CBC Digital Archives

Earthquakes and Tsunamis: Predicting the unpredictable

Beneath our feet, Canada is constantly atremble. Earthquakes shake the country about 2,500 times per year, most too small to feel. But occasionally, and without warning, the earth's crust below Canada buckles and spasms to frightening effect. More dangerous are the tsunamis that such quakes can cause. CBC Archives looks back at notable Canadian quakes, fears about "the big one" predicted for the West Coast and scientists' efforts to better understand the threat from below.

Seismologists have California wired. Electronic sensors record every twitch, thrust and tremor on each side of the San Andreas fault. Decades of such data have helped scientists predict where major quakes will strike in the United States and Canada. But they remain in the dark when it comes to the all-important question of forecasting when, in the short term, the earth's crust will spasm, we hear in this CBC Television report.

"That has turned out to be a very difficult problem," a researcher says. The experts are focusing their attention on Parkfield, a California farming community that straddles a volatile fault line. Parkfield shakes violently every 21 years or so and with predictable force. Seismologists hope that, if they can spot telltale signals of impending tremors, the tricky science of predicting earthquakes could get a whole lot easier.
• When this clip aired in 1986, Parkfield, Calif., population 37, had experienced its last major earthquake 20 years earlier and was due for another. The quake struck the morning of Sept. 28, 2004. It was a magnitude 6 and similar in characteristics to previous ones. The quake caused damage in central California but no reported injuries. Prior to 1966, Parkfield had experienced quakes in 1934, 1922, 1901, 1881 and 1857.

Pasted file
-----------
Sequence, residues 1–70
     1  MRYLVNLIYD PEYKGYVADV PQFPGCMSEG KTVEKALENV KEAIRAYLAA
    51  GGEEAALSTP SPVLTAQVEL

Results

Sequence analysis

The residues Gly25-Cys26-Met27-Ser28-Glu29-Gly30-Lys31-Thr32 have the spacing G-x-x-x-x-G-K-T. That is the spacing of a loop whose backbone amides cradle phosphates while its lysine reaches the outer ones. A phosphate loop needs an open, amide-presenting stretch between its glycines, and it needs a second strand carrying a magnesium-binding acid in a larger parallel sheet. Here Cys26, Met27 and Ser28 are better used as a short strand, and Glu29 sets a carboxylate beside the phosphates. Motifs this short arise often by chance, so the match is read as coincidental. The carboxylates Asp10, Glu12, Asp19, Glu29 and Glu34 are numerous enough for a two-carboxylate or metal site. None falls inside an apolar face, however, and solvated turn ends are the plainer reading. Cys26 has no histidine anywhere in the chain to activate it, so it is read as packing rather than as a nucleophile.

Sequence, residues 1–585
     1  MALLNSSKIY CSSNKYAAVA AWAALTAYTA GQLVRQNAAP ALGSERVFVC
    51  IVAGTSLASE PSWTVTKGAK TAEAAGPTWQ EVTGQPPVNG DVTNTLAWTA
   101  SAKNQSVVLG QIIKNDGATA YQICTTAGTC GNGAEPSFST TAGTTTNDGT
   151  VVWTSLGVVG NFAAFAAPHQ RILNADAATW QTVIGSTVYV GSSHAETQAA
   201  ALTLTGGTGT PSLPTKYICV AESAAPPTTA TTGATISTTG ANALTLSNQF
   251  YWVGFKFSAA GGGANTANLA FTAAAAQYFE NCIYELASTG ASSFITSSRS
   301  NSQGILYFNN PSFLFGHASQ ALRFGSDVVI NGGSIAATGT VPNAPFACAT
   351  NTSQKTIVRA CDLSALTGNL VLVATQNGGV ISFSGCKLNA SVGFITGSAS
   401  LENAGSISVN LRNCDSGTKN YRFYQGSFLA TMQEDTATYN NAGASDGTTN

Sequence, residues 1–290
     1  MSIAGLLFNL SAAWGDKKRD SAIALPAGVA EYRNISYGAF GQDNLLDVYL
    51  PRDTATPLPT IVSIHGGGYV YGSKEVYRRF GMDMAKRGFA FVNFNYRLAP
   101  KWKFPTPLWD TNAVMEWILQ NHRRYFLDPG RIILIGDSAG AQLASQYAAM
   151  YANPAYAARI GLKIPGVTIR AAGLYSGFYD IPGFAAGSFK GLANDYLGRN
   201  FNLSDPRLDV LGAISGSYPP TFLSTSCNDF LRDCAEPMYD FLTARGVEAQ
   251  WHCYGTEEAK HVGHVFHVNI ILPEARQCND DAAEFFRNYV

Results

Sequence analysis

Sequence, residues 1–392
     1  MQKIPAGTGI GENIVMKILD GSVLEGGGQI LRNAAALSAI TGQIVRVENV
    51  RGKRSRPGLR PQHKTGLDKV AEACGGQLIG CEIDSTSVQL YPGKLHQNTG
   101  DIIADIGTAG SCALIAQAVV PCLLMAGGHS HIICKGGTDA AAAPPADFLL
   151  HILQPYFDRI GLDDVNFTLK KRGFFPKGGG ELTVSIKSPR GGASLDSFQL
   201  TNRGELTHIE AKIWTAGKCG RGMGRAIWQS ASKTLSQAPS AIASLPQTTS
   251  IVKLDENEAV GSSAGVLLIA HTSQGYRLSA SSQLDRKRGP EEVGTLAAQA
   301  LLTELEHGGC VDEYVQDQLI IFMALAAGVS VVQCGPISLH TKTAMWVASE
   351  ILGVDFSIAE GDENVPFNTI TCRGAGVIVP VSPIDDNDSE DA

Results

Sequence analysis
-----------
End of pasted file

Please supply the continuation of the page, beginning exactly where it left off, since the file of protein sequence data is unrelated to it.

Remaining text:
• The business of predicting, with any certainty, when an earthquake will strike remains a difficult one. No Canadian government agency offers short-term predictions. The narrowest time frame that scientists at Natural Resources Canada will offer is for the West Coast. They say a major quake is likely to strike there any time within the next 200 years but caution that the forecast is inexact.

• People have for centuries believed that animals possess an innate ability to sense impending earthquakes. Such observations date back to 373 BC when Greek historians said rats, snakes and weasels fled the city of Helice days before a devastating quake. Today, cats and dogs are often reported to have displayed pre-tremor agitation. Modern studies have been inconclusive. The phenomenon was explored in a 1978 report on the CBC Radio program Sunday Morning.

• Earthquake forecasting is expected to get a boost from Project Neptune. The $300 million U.S.-Canada project will place 3,000 kilometres of fibre-optic cable on the Juan de Fuca tectonic plate. That will, among other things, provide information about the plate's movement -- a major source of earthquakes. Project Neptune should also give up to 60 seconds warning of major quakes in the area -- enough notice to shut down West Coast natural gas lines. See a clip about the project's launch here.
Medium: Television
Program: The Journal
Broadcast Date: Jan. 13, 1986
Guest(s): Rich Lifty
Reporter: Jerry Thompson
Duration: 5:01

Last updated: October 11, 2012

Page consulted on December 6, 2013

All Clips from this Topic

Related Content

1964: B.C.'s tsunami disaster

Residents of Port Alberni, B.C., pick up the pieces following 1964's massive tsunami.

Year 2000 predictions by children

Elementary students give their predictions for the 21st century.

Psychics predict the future as year 2000 appr...

An astrologer and a clairvoyant look at the new millennium.

The earthquake threat in British Columbia

What causes earthquakes? And should people on the West Coast be worried?

Earthquakes and Tsunamis: Quebec shaken

The biggest earthquake to hit eastern North America in half a century strikes in Quebec's quak...